This book was put in all our staff's hands by our senior - we are starting a new congregation the week after easter and doing a multi-site for oru easter sunday services. Building a new and bigger building doesn't seem to be the way that God is blessing us, so we are trying to see if this is a direction God can lead us.
I'm not going to put a bunch of quotes, instead you can check out the book's blog and get all the info you want!
Monday, February 12, 2007
A couple surprising rules are:
#47 - to keep death before one's eyes daily - I wonder why they thought of this, and how they would have hoped it would have helped...
#54 - not to speak useless words and such as provoke laughter & #55 - not to love much or boisterous laughter - Doesn't laughter help people? Maybe they just didn't want the monks to be too happy...
#62 - not to desire to be called holy before one is; but to be holy first, that one may be truly so called - this one is really special to me right now because of my studies in holiness theology. Holiness is not the desire - Christ is!
Thursday, February 08, 2007
- ...your help
- ...playoff winds to be a star
- ...to be a counselor
- ...to explicitly be given DNS servers
- ...to get out more!
- ...some love
- ...a Hat
- ...posters, filmography, news, and forum
- ...to learn to follow instructions consistently
- ...to be introduced to the concept of time
ohhh how true...
Tuesday, February 06, 2007
Marko has put up a top ten list about youth ministries and consumerism that I am going to interact with here - as a means of considering the DrIVEN group only. In no way would I say DrIVEN has been anywhere near a failure; we have had failings...but who wants to be perfect anyways? Here's his stuff with my responses in italics...
Top 10 signs your youth ministry might be built on consumeristic assumptions:
(Warning: some of these are intentionally overstated, and reveal why a friend in Northern Ireland called me “a sarky git”.)
10. You talk about “my group” (that’s ownership language – the language of consumers). Unfortunately I catch myself doing this more than I'd like and every time it makes me correct myself. I don't own the youth ministry - I want God to own it. And that's nto a cop-out either. I sincerely hope that any success that we have is simply seen as God working. I just happen to be blessed enough to serve amazing students who are straight nuts for the gospel. I wonder how I can teach students not to call it 'their' youth group either...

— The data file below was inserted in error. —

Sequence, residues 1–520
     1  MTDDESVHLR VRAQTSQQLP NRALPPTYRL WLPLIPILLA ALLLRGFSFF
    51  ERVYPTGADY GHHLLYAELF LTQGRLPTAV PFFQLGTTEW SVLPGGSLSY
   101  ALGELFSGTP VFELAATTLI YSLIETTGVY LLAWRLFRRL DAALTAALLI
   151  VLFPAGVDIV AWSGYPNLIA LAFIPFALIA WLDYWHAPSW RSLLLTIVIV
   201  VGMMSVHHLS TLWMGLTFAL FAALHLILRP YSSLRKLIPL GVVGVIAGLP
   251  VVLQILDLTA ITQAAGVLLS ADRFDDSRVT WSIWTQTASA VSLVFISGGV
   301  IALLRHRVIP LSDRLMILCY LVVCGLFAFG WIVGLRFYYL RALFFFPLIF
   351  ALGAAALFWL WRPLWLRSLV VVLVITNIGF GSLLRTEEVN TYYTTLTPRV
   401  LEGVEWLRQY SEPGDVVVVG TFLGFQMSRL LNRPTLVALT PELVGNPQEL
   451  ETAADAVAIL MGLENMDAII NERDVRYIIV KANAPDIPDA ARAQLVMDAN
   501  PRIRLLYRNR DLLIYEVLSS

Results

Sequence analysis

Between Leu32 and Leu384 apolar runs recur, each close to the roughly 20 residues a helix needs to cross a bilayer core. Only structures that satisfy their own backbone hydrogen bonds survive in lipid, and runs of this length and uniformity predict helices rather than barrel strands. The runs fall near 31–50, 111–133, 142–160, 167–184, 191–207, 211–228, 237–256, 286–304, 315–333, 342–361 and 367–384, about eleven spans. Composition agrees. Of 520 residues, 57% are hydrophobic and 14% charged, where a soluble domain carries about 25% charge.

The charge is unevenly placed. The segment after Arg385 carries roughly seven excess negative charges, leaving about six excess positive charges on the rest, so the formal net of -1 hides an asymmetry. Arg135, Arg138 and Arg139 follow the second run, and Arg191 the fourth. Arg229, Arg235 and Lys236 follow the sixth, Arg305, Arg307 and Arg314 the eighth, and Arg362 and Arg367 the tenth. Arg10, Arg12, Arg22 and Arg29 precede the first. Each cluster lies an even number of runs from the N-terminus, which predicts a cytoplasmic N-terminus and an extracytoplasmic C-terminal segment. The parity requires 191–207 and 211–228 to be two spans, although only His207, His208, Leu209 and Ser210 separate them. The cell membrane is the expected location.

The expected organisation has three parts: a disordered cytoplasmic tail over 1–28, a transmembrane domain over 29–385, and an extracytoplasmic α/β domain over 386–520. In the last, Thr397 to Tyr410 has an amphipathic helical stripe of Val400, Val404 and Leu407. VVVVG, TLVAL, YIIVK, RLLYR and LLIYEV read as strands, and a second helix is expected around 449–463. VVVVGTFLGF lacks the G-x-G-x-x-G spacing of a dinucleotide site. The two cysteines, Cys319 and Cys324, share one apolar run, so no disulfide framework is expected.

9. Your mission statement: More teenagers, more often. This is simply not true for us. We totally believe that God increases our numbers as a sign of health of the group - but this is not the only sign. Love, prayer, caring, openness are also used as measuring sticks of growth in DrIVEN. At the same time, I'd be lying if I didn't say that the devil constantly (CONSTANTLY) tempts me in this area...I have to consciously not compare us to others - it just makes no sense.
8. You constantly pressure your teenagers to bring friends. Those teenagers whose natural outgoing personality makes this easy are considered the most spiritual. I actually think the opposite has been true in our group. The kids who bring the most friends have been the kids that aren't "good church kids" - this has been really interesting to observe. But in reality - I don't care if they don't bring friends - I hope we are teaching them to GO to their friends - then when their friends see there is a difference - unbelivers will want the peace that our students seem to have. I have posted about a great testimony by a teacher concerning this in the past - you can google my site.
7. Guilt and manipulation are seen as necessary evils, and reframed as “speaking the truth” or as “the gospel”. Sometimes I get cranked up and speak frankly of heaven and hell and speak in absolutes for things that I become passionate about (cranked is DrIVEN for passionate). We don't guilt though - and it's funny because some of the kids actually expect it. I find myself telling them they don't have to apologize for not being at an event - when I contact them it's because I genuinely missed having them around for them - not for the stupid statistical report. (So, if you are a Driven-er, plese feel loved no matter what your attendance looks like - this isn't school).
6. The biggest buzz you ever had in ministry was the time you were able to report ten “decisions for Christ” – whether those teenagers were ever seen again or not. I hate this. I really do. Conversion is so easy compared to holy living - and sometimes we leave them hanging out there - I am guilty of this for sure...but I believe much improvement has been made.